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21 Jan 2009 – present from Jen

A nice book about reclaiming the simple things in life such as baking your own bread, picnics, spending time putting your photos in order etc.  There are ideas for different seasons as well as general things you can do at the weekend.  Some of it was a little twee and there were some assumptions about how much money one had and having a car, but generally full of good ideas – and very sweet 50s style illustrations.

JENNIFER CHIAVERINI – The Quilter’s Homecoming

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22 Dec 2008 – Amazon order

Another installment in the Elm Creek Quilts series and this time we find out what happened to the slightly mysterious Cousin Elizabeth, who set off for a new life in California with brand new husband Henry.  But the farm they think they’ve bought isn’t quite what it seems, and they settle into quite a different existence to the one they envisaged.  Hard work and decency have their own rewards, and Elizabeth sticks up for a local woman and follows her heart as a mysterious pair of quilts are mended and cherished…

PAUL O’GRADY – At My Mother’s Knee

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21 Jan 2009 – from Gill

A very well written and entertaining autobiography, taking O’Grady up to his early years in London, with brief forays into times nearer the present,l too.  It seems he didn’t have a co-writer, if that’s true then fair play to him as it’s well put together (and also well edited) and both interesting and funny.  You can see where he got the inspiration for Lily Savage, as he delineates his tough aunties and the milieux in which he grew up.

CARO FRASER – A Hallowed Place

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Acquired via BookCrossing 28 Feb 2009 – passed to me by Wyldetwo

I enjoyed installment 4 in the Caper Court series more than the last two.  At last we can gain some sympathy for Leo as he makes a few dodgy decisions and his life starts to unravel.  It finishes very much on a cliffhanger, so hopefully I can obtain books 5 & 6 from Ali soon – or are you reading them first, Jen?

D. H. STEVENSON – Miss Buncle’s Book (Persephone)


21 Jan 2009 – birthday present from Matthew

A truly delicious book and I think it could be the next Miss Pettigrew.  Miss Buncle is the quietest resident of a country village.  Who would have dreamt that, to make a bit of money to make up for her sagging dividends, she could have written a wickedly accurate portrayal of her neighbours – both as they are and, in a fantasy section, as they would perhaps like to be.   As the book hits the village, hackles are raised as well as eyebrows…. but also something strange starts to happen, as truth begins to echo fiction.  Miss Buncle observes, backed up by her lovely publisher Mr Abbott and her marvel of a maid, Dorcas.  Will anyone realise who the real author of the book, one “John Smith” is? And what will happen when they do?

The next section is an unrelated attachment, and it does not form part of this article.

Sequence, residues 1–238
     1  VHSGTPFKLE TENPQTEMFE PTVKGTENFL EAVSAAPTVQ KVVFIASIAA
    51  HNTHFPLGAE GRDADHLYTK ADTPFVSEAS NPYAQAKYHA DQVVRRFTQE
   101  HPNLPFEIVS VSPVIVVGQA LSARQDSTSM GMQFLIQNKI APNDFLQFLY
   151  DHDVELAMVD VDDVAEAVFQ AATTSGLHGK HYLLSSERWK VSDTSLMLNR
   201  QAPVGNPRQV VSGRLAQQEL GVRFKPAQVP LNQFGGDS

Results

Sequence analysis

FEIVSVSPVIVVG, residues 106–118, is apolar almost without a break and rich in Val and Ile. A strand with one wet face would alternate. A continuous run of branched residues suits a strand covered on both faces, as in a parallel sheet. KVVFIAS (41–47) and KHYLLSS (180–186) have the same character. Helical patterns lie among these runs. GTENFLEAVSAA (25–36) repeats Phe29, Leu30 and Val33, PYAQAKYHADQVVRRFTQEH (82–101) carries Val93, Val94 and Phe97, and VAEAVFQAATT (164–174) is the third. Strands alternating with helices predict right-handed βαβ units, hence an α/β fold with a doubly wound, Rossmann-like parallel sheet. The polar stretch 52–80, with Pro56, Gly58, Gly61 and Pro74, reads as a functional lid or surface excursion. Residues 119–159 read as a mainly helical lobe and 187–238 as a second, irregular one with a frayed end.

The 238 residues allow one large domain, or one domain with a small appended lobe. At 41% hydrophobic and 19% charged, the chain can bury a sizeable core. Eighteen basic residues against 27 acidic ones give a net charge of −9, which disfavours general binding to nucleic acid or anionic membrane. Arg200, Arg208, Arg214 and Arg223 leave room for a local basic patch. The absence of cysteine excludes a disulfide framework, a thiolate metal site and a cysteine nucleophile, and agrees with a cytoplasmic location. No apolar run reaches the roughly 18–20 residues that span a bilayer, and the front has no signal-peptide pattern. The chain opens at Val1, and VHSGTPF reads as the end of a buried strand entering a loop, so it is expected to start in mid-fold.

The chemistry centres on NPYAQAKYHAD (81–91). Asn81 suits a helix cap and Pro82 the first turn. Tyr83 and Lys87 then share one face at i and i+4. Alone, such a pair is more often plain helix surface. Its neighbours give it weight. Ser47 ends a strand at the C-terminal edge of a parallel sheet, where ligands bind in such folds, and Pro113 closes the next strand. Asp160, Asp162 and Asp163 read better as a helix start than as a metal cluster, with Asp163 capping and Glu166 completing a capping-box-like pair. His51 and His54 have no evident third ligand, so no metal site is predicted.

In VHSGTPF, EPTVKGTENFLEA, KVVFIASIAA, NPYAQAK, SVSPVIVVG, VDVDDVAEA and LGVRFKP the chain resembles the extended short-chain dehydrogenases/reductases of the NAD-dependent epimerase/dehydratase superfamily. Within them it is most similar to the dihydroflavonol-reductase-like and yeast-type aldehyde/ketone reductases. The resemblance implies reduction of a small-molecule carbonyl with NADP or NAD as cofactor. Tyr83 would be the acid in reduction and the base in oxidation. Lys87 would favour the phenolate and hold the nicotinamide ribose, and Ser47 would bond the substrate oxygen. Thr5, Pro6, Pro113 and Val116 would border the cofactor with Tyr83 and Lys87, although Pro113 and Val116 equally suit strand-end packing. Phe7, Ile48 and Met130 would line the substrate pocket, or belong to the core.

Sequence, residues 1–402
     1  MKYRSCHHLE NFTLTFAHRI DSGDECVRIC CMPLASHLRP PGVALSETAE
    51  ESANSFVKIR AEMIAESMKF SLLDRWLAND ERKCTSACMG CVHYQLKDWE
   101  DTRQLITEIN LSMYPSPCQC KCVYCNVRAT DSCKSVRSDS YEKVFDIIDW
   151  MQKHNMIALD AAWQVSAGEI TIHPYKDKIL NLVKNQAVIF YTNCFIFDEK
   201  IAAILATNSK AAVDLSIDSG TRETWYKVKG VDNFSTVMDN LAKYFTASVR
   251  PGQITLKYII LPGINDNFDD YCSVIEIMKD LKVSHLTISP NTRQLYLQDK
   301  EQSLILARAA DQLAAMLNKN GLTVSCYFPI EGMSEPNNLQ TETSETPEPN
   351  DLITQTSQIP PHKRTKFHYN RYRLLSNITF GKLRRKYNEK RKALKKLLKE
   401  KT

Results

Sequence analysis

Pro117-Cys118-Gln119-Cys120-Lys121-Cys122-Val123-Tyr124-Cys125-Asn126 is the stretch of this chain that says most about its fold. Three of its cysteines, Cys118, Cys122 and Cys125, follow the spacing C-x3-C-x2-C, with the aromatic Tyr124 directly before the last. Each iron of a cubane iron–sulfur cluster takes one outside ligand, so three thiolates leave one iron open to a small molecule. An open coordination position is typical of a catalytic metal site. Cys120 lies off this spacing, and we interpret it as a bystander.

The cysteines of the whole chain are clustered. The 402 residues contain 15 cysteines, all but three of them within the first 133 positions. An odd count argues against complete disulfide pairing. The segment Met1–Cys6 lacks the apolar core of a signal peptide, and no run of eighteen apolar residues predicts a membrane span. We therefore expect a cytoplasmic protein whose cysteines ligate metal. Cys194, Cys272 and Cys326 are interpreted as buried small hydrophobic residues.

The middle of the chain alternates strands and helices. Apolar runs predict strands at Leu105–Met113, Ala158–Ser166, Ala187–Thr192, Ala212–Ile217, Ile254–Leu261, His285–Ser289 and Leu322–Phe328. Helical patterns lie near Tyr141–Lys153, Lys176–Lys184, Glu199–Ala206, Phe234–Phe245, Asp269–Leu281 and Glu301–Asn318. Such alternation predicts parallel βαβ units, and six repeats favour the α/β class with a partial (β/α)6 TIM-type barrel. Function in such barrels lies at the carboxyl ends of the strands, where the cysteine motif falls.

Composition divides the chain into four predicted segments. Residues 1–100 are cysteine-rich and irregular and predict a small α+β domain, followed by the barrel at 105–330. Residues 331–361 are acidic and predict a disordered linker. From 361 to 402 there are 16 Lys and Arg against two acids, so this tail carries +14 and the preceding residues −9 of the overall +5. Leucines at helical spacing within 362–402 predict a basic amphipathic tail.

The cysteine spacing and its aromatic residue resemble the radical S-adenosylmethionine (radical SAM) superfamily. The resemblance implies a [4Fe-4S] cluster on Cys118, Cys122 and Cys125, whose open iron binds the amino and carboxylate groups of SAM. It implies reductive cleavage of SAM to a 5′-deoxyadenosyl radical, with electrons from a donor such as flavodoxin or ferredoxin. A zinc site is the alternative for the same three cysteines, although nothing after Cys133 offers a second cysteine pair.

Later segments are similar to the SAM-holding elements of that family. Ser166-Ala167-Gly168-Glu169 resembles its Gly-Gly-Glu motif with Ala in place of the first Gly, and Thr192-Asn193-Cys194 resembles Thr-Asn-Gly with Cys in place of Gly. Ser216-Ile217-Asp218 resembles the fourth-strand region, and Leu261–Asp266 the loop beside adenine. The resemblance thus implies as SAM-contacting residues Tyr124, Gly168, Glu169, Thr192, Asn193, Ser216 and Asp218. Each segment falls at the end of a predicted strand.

A lovely fairytale of a  book; I particularly liked the more monstrous characters and the gentle satire of genteel novels of village life.  Let’s hope Persephone decide to publish some more of this author’s work!


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14 Jan 2009 – from the Red Cross donation bags

Another hitherto-unknown Streatfeild.  Sporting the worst, most camp cover photo in the world (girl poses in front of strong man and jester) this is an excellent longer novel about a family living in a village at the end of WW2.  Selina, plan cousin in a family of vivid and excitable siblings, is sent a party dress by her godmother.  In order to have an occasion to wear it, the children plan a village pageant.  Gradually the whole village gets involved, and all seems well until a few disasters striike.  Will Selina get to wear her dress or will she have grown out of it by the time the pageant comes along? Great read.